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Let $\mathfrak{A}$ is a poset. For $a, b \in \mathfrak{A}$ we will denote $a \curlyvee b$ if only if there is a non-least element $c$ such that $c \leqslant a \wedge c \leqslant b$.

Let $\mathfrak{A}$ and $\mathfrak{B}$ are posets. A pointfree funcoid from $\mathfrak{A}$ to $\mathfrak{B}$ is a pair $\left( \alpha ; \beta \right)$ of functions $\alpha \in \mathfrak{B}^{\mathfrak{A}}$ and $\beta \in \mathfrak{A}^{\mathfrak{B}}$ such that $\alpha \left( x \right) \curlyvee y \Leftrightarrow \beta \left( y \right) \curlyvee x$ for every $x \in \mathfrak{A}$, $y \in \mathfrak{B}$.

I denote $\left\langle \left( \alpha ; \beta \right) \right\rangle = \alpha$ for every pointfree funcoid $\left( \alpha ; \beta \right)$.

Conjecture There exist a pointfree funcoid $f$ such that $\langle f \rangle$ is not an increasing function.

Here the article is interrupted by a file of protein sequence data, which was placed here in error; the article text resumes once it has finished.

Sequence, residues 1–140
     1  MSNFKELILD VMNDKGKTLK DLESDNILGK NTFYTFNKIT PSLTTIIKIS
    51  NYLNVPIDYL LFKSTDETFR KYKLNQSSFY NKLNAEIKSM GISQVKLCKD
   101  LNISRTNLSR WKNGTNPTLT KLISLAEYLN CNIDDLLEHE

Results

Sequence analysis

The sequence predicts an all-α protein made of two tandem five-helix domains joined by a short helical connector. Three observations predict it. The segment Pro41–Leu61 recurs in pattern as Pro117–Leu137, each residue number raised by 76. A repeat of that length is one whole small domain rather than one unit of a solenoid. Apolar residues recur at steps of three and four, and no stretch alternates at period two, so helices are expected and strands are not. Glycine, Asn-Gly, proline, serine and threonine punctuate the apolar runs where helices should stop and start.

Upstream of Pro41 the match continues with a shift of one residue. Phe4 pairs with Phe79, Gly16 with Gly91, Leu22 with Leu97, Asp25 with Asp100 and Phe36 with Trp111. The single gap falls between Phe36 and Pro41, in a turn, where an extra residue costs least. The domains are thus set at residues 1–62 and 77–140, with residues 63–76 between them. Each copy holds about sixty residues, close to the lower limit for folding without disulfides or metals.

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What does it mean for a point free funcoid to be increasing? A point free funcoid is an order pair of functions $(\alpha, \beta)$. It is not clear what increasing would mean. Both are increasing? –  William Jul 21 '12 at 19:30
    
@William: In this my question I haven't said anything about "increasing pointfree funcoids". Instead, I ask whether the function $\langle f\rangle = \alpha$ is always increasing (=monotone). –  porton Jul 21 '12 at 19:51

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